FPCCI to move review petition in demolition of illegal constructions

FPCCI to move review petition in demolition of illegal constructions

KARACHI: The Federation of Pakistan Chambers of Commerce and Industry (FPCCI) has announced its decision to file a review petition before the Supreme Court of Pakistan (SCP) concerning the demolition of illegal and unauthorized constructions in Karachi.

The move comes in response to the recent directive from the Supreme Court to restore the city according to its original master plan.

Addressing a press conference, Daro Khan Achakzai, President of FPCCI, expressed the organization’s respect for the Supreme Court’s order but raised concerns about the potential challenges that may arise in restoring the city to its original master plan. He emphasized the significant role Karachi plays in the national economy, contributing 20 percent to the overall economy and 30 percent to total industrial production.

“While we do not support any illegal construction,” Daro Khan Achakzai said, “it is crucial to review the master plan of the city to ensure that the restoration process does not create difficulties for the citizens.” He also called for accountability, stating that those who allowed illegal constructions should be penalized.

The FPCCI President highlighted specific issues such as encroachments on parks and China cutting that need immediate attention and demolition. China cutting refers to the unauthorized division of plots, often resulting in irregular and illegal constructions.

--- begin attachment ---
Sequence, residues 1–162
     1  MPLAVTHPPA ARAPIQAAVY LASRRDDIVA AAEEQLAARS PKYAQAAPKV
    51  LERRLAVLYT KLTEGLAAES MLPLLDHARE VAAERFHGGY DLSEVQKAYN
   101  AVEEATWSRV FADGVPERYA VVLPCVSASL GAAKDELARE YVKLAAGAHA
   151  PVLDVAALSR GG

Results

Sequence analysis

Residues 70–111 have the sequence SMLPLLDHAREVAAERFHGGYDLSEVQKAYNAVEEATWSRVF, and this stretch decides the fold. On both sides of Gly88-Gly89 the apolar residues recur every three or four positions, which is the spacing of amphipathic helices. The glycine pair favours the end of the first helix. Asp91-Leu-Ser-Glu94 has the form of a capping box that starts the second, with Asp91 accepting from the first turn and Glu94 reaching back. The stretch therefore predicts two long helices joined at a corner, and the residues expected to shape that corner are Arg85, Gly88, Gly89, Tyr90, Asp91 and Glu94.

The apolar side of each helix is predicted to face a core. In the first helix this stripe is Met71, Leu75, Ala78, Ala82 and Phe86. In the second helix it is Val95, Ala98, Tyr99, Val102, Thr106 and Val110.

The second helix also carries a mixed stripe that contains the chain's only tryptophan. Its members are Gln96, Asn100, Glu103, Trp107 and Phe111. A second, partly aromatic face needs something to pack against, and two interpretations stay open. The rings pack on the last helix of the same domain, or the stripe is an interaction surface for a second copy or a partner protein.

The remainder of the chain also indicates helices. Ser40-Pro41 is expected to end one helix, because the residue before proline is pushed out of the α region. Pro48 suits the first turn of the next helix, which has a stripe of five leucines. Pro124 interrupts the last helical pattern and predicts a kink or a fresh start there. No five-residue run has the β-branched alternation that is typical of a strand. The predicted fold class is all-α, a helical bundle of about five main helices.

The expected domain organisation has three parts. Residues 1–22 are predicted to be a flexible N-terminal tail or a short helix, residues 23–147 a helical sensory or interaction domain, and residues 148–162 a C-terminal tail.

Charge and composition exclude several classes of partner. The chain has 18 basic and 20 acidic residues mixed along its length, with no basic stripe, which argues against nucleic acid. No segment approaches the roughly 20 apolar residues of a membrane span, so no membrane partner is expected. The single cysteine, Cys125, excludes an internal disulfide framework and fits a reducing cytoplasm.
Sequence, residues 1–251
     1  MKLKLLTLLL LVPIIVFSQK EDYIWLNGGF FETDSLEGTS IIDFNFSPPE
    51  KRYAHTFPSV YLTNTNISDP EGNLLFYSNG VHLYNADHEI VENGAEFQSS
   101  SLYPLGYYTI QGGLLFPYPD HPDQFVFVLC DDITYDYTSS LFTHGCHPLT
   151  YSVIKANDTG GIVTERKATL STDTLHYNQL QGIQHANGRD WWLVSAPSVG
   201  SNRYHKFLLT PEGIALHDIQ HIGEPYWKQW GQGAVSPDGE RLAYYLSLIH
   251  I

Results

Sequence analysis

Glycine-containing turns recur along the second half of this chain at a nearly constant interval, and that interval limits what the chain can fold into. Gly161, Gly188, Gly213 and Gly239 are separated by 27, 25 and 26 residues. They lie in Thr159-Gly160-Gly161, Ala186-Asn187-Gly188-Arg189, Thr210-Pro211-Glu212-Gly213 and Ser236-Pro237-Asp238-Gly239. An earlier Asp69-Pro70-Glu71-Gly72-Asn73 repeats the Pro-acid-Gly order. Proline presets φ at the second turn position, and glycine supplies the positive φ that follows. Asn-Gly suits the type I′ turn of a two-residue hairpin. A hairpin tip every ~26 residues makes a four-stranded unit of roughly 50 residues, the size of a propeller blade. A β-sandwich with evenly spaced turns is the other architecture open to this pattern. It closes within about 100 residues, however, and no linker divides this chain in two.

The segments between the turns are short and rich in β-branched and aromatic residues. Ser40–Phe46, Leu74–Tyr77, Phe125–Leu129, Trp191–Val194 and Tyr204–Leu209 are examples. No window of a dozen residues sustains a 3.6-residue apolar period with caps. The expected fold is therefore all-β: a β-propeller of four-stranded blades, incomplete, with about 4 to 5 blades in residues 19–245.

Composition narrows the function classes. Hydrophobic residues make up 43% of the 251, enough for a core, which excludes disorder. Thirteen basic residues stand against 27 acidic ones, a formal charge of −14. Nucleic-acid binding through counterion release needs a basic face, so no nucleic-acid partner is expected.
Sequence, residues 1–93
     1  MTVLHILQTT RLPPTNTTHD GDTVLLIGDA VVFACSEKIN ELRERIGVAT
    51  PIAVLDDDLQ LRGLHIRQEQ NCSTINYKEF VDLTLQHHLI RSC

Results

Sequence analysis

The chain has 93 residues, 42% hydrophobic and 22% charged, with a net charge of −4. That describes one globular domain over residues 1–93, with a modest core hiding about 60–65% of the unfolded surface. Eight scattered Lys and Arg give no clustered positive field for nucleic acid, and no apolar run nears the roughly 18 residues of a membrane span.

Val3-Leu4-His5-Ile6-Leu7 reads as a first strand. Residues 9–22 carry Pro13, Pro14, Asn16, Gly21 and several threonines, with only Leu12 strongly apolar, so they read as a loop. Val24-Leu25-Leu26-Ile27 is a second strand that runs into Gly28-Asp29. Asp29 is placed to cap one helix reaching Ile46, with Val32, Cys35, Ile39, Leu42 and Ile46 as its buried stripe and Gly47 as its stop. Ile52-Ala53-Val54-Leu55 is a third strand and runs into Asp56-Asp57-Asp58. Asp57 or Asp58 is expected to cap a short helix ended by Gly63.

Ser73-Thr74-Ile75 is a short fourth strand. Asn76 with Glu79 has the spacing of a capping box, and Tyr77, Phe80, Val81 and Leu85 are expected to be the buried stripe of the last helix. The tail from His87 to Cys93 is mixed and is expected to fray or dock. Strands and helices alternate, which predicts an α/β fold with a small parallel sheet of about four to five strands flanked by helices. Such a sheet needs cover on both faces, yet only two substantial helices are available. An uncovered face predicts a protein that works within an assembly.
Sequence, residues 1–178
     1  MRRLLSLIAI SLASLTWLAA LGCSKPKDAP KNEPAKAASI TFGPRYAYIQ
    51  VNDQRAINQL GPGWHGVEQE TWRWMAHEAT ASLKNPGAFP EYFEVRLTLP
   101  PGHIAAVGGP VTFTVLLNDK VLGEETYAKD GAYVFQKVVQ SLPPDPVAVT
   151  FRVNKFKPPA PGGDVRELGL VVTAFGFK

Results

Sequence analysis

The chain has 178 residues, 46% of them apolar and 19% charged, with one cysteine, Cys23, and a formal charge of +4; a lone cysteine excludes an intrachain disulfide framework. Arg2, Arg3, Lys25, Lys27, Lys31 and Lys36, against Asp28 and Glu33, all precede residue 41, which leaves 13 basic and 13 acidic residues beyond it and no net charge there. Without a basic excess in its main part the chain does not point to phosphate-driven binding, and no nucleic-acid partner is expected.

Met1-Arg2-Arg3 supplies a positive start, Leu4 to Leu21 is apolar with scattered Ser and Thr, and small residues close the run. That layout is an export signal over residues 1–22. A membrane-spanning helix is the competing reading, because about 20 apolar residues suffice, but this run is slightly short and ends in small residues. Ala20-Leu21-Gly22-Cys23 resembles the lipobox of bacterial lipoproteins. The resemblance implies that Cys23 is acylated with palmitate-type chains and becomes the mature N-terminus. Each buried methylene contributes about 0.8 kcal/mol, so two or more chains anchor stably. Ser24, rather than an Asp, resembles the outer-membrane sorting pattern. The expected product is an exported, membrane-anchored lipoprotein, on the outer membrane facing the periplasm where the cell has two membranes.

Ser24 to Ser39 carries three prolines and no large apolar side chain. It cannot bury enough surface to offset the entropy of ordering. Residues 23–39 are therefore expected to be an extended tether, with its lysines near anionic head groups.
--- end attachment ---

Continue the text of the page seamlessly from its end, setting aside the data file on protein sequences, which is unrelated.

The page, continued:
Mirza Ikhtiar Baig, present at the press conference, urged both the federal and provincial governments to file a review petition before February 3. He emphasized the urgency of the situation, pointing out that approximately 930 buildings had been constructed illegally in the past 15 years.

Mohsin Sekhani, Patron In Chief of the Association of Builders and Developers (ABAD), echoed the concerns raised by FPCCI. He noted that the Supreme Court had ordered the removal of encroachments from parks and main sewerage lines, leading the Sindh Building Control Authority (SBCA) to issue notices to all buildings in the city.

The decision to file a review petition reflects the business community’s apprehensions about the potential economic impact of demolishing illegal constructions. While acknowledging the need to address unauthorized structures, the FPCCI seeks a balanced approach that considers the economic implications and challenges faced by citizens.

As discussions unfold between the business community and relevant authorities, the fate of Karachi’s skyline hangs in the balance, with the review petition expected to shed light on the feasibility and potential alternatives to the Supreme Court’s directive.